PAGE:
Point M is a clever mix of different assets with the smallest value fluctuations. Experts call this type of portfolio also as Minimum Variance Portfolio. This portfolio has the lowest risk of all.

All portfolios on the M-A line can be considered as efficient portfolios.

Conversely, the portfolio between the M and B points cannot be described as the efficient portfolio.

There is a portfolio with better returns for each of the defined risks. These can be found between M and Q. Because here the risk is reduced with increasing returns.

To achieve this, small parts of riskier investments are mixed into a safe investment, which should not be fully correlated.

All portfolios to the right of side ‘S’ have very high returns, but at the same time, the risk increases disproportionately.

If profit is expected without much risk, you should refrain from these portfolios.

In practice, most real-world portfolios are only sub-optimal.

In the figure, you will find portfolios marked with X. These are well below the efficiency line.

The reasons for this can be both high administrative costs, but the investment might not have been sufficiently diversified.

For example, small private investors often prefer shares of their home country, although in many cases foreign stocks may be superior.

Experts speak of a home bias in this context.

A similar effect has the preference for certain asset classes because so a so-called lump risk is generated.

Ideally, a diversified portfolio should include investments of all or at least several asset classes from different countries and regions. Of course, the administrative costs should be reduced as much as possible. If all this is given, the return increases or the risk decreases.

However, the realistic and accurate estimation of the real risk is by no means a simple undertaking.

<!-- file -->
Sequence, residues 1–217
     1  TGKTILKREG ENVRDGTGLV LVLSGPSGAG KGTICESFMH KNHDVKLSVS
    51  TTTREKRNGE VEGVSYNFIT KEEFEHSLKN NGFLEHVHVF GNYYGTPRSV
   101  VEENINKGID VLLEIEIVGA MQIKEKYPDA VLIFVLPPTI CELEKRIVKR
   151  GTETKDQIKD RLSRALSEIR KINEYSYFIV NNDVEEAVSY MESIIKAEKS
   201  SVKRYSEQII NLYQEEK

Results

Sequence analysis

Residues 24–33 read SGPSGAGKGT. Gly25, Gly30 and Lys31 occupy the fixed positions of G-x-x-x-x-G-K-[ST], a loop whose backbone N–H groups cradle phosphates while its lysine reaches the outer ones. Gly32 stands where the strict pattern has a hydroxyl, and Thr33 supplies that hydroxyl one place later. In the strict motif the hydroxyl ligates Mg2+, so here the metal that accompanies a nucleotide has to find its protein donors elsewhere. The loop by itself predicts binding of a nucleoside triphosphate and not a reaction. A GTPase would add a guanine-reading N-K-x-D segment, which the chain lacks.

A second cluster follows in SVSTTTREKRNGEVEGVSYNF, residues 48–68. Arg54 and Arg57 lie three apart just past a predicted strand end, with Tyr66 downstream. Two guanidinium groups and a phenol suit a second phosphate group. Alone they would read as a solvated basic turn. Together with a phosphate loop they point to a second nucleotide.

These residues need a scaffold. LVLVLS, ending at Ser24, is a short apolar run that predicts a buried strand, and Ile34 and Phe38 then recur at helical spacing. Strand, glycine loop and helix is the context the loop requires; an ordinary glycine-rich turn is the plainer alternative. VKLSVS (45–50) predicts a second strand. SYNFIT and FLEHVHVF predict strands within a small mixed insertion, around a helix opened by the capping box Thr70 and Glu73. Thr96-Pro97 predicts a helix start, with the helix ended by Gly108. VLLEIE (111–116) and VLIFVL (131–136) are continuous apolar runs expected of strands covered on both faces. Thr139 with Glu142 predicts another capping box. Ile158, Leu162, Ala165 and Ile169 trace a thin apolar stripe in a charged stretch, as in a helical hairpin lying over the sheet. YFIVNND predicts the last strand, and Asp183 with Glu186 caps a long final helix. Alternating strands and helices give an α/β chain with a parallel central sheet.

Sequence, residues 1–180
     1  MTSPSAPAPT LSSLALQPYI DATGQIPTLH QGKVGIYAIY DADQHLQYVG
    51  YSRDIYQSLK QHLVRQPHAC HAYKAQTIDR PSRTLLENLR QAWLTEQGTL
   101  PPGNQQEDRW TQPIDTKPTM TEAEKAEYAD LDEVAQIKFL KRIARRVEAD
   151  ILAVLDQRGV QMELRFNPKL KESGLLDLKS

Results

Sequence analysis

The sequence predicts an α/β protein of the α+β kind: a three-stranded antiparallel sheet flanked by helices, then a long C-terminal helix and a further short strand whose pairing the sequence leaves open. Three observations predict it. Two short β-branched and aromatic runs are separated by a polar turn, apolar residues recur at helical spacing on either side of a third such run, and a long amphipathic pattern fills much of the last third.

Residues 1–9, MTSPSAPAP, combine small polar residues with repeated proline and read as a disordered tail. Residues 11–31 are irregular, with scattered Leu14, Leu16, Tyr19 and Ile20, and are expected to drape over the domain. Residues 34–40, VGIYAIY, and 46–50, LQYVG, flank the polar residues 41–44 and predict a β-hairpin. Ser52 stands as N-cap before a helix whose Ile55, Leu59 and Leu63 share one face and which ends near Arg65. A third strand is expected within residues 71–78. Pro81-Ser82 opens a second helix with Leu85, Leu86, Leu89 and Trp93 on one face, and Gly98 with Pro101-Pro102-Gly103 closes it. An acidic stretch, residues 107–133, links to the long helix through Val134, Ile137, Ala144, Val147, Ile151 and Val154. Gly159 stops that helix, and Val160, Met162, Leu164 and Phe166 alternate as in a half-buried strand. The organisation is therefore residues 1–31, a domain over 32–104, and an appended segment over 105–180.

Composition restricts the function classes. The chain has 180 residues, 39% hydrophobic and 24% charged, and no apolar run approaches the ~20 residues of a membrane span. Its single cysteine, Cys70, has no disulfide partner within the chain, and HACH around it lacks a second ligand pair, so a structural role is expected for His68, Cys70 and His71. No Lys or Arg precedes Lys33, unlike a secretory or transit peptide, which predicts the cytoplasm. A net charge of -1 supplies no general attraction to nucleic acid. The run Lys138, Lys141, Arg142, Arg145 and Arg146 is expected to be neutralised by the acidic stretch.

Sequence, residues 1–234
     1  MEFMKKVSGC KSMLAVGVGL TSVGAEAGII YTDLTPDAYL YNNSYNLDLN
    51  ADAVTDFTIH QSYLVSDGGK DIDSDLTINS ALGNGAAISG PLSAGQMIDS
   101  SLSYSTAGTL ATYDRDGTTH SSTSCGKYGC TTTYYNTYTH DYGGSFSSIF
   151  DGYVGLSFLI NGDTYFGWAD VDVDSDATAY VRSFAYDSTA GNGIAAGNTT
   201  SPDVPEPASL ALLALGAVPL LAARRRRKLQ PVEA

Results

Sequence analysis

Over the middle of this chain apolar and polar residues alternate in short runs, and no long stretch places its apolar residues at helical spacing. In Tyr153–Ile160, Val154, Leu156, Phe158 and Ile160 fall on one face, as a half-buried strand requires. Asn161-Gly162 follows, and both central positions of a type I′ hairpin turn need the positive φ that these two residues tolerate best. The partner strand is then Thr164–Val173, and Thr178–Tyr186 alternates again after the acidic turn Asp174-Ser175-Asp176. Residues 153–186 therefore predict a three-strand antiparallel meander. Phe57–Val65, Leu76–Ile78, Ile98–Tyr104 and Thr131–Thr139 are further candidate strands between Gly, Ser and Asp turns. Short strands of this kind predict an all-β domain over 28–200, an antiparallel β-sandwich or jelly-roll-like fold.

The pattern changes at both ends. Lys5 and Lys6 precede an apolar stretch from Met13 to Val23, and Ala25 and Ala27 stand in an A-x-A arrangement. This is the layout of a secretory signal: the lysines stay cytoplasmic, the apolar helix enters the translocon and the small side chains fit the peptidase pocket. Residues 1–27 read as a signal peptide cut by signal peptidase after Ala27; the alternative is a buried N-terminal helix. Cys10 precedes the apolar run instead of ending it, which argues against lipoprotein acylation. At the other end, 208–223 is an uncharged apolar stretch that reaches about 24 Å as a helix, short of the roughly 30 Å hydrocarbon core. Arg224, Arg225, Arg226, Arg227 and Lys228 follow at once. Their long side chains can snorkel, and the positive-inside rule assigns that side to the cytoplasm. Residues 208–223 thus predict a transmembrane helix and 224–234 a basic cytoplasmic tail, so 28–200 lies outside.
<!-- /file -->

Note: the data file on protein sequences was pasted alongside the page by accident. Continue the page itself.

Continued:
The portfolio theory offers various options here.

However, it must be noted that not every measure can be implemented by a small private investor.

Portfolio Theory - The Separation Theorem to Tobin

Already relatively early - more precisely in 1958 - Tobin had already introduced the so-called 'separation theorem'. This states that it is best to have two funds. This involves a risky investment and is called Tangential portfolio. By contrast, the second fund consists of secure investments.

Of course, there are now a lot of possible combinations of both funds.

The following graphic illustrates the idea.


The possible combinations of the high-risk tangential portfolio (T) and secure investments are typically shown as straight lines.

With the exception of the tangential point T, these are always above the so-called efficient edge. (see above)

In common language, the investors will always achieve an optimal investment result with the separation theorem. However, that is actually the theory, because in practice this is unfortunately not always the case.

The problem lies in the fact that, ultimately everything here is based on an estimate, not on a calculation.

For example, the underlying expected returns on all the risky asset classes are estimated. Hence it would be an unbelievable coincidence that the estimated earnings can be met - i.e., the perfect tangential portfolio.

For this obvious dilemma, the financial theory seems to offer a possible solution.

Portfolio Theory - Sharpe's Market Portfolio

William Sharpe found an apparent solution to the problem of estimating, with CAPM (Capital Asset Pricing Model) in 1964.

A higher return for a given level of risk can be expected from the investment with the higher modified Sharpe Ratio. An investment may seem to yield higher returns, making it more desirable. However, the investment may be unstable and simply reflecting a high-risk result.